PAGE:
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Tuesday , 28 March 2017

Monthly Archives: January 2015

A short guide to using colour in the home

According to Professor Iain Stewart (How to Grow a Planet), we have fruit to thank for the colour in our world, or for our ability to see it. It seems that when fruit first appeared on earth sometime after the dinosaurs’ departure, animals, particularly primates, ate it up greedily, not waiting until the fruit was actually ripe. As a result, a lot of fruit was discarded half eaten, before the precious seeds within were ready to be dispersed. Since seed dispersal is crucial for a plant’s survival as a species, the fruit-bearing plants evolved a strategy to stop the waste: they made sure that their fruit would be sweet and ... Read More »

Not the safest, not the healthiest, but the best place to live is Toronto

For anyone with an interest in how cities work, reports like the one just out from The Economist (Intelligence Unit), the one that names Toronto as the world’s best city to live in, are fun to explore. The report’s focus is security—it’s called the Safe Cities Index. It is not about which city has the nicest climate or best shopping, but about which cities provide the best health care, infrastructure, personal safety and digital security. One point the report makes is that cities are organic, in a state of ebb and flow, rise and fall. Conditions change, fortunes wane. Take crime, for instance. New York City had a shockingly high ... Read More »

Consumer group targeting toxic products at discount stores

Bargain stores are great for some products, not so great for others. Everybody likes to get a bargain, after all, but there is that inescapable truth about getting what you pay for. Bargain or not, the customer still expects satisfaction. That depends somewhat on one’s budget and one’s expectations, but barring unforeseen catastrophes such as product recalls or complete failure on the first use, shoppers seem to be happy with the bargain stores. Would they be as happy if they knew that many of the products they are buying at those low low discount prices are toxic and could make them and their children sick? In the United States, according ... Read More »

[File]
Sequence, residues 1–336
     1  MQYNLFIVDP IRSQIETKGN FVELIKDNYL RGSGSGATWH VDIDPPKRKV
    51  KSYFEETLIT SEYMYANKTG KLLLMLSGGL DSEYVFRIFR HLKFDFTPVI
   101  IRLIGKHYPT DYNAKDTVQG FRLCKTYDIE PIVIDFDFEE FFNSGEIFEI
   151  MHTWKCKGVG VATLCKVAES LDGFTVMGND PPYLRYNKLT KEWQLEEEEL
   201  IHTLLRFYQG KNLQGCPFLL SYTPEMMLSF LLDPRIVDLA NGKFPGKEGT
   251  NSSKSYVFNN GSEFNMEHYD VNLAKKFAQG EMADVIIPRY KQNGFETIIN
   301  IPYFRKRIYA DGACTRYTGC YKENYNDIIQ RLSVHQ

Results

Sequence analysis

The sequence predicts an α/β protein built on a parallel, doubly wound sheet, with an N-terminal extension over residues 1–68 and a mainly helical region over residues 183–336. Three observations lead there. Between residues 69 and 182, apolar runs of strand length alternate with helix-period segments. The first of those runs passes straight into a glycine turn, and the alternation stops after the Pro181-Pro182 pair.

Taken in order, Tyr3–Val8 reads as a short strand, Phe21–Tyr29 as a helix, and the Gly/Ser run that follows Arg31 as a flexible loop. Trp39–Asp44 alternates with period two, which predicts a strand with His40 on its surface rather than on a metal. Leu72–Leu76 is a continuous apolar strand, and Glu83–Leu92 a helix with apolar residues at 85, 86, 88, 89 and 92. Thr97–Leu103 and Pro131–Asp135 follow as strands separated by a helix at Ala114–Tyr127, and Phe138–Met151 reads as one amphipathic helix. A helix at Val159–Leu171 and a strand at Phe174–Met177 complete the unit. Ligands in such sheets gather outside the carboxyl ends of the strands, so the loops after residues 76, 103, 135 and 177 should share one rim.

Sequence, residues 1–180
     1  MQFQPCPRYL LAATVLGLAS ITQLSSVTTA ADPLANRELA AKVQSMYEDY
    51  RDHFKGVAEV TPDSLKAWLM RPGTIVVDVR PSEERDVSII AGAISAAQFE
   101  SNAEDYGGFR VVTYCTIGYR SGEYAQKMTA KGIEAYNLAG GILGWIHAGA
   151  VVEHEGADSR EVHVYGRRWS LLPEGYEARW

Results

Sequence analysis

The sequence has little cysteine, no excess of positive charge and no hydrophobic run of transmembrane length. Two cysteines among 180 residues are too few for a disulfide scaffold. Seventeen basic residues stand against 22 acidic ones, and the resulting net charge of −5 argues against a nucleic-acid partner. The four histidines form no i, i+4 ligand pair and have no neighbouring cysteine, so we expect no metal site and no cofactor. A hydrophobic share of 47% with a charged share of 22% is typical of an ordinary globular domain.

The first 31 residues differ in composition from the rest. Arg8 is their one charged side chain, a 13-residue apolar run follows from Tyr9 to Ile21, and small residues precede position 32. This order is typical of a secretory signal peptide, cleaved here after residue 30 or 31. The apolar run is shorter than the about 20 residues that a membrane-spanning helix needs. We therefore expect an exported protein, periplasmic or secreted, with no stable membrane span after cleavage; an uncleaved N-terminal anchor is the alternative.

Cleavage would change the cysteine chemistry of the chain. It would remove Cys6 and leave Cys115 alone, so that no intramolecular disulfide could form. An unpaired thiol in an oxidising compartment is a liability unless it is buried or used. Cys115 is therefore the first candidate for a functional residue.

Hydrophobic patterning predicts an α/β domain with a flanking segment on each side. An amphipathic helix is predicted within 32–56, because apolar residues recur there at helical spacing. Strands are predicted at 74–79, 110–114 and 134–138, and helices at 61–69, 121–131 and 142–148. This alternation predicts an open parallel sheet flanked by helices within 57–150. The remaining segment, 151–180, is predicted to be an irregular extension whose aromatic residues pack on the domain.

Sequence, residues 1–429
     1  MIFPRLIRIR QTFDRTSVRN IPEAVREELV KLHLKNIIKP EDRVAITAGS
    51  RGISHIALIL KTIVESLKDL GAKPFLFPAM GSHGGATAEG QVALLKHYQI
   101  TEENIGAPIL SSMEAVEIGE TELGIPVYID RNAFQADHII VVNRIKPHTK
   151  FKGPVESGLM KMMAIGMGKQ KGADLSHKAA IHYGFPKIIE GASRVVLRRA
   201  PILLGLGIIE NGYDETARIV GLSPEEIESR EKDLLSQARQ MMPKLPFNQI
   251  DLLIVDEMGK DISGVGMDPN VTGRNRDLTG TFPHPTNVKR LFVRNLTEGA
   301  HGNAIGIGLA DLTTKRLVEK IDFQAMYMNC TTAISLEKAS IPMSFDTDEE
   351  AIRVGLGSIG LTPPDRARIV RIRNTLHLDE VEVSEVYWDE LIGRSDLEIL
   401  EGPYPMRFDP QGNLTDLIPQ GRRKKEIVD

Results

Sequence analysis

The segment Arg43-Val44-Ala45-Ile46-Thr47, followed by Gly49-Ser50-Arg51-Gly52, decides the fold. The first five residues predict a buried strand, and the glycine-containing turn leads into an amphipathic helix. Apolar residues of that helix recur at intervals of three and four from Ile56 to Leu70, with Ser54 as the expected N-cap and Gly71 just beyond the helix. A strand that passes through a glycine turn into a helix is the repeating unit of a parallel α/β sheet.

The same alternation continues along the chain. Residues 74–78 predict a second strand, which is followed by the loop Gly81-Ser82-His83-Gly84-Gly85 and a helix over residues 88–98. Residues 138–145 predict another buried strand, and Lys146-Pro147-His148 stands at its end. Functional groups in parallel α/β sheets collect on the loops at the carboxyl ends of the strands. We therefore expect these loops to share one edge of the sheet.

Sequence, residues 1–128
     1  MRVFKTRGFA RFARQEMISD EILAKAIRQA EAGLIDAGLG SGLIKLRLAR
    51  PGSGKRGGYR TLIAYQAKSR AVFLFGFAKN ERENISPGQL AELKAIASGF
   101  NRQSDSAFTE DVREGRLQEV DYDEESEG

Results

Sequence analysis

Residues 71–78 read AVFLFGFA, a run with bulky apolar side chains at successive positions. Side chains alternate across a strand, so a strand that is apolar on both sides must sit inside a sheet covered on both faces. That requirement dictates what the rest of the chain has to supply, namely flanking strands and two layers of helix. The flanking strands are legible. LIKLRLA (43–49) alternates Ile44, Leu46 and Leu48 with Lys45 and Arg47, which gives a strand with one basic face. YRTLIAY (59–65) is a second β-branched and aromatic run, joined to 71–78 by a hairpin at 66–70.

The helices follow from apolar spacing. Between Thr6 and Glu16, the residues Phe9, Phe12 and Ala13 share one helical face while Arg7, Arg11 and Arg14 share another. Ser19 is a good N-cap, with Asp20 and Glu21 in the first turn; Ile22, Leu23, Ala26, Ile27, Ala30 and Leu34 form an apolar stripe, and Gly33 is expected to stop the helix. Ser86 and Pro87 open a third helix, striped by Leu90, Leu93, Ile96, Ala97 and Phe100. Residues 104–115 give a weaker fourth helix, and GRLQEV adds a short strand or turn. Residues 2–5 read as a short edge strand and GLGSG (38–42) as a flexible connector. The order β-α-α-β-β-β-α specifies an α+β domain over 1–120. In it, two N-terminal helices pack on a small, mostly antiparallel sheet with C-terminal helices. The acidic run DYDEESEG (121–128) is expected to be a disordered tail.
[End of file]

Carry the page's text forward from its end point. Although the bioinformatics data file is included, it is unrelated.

Realtor named CEO of the year by PR group

The CEO of Canada’s oldest and largest residential real estate company is the latest winner of the Canadian Public Relations Society’s CEO Award of Excellence in Public Relations. Phil Soper of Royal LePage was honoured with the award, first given in 1992, for his work in “defining the company’s vision and communicating it with impact.” According to the statement announcing the award, Royal LePage’s business has more than tripled its revenues and doubled the number of agents working under its banner since 2002 when Soper took over as CEO. He directed the restructuring of the company as it went public and expanded into multi-brand operations. During Soper’s decade leading Royal ... Read More »

Does choice of bike-friendly architect signal hope for Toronto’s bike plan?

Toronto will be getting another building from famous London-based architect Norman Foster. Reports have it that he has been hired to design something for the corner of Yonge and Bloor where the old Stollery’s men’s clothing store stood for more than one hundred years. The city already has several Foster buildings, including the Leslie Dan Faculty of Pharmacy Building just south of Queen’s Park, on the campus of the University of Toronto. Foster’s latest building in his home town, where he also designed the “iconic” Gherkin building, is interesting for other than purely architectural reasons. The development consists of two residential towers, containing 930 apartments, and they contain one bicycle ... Read More »

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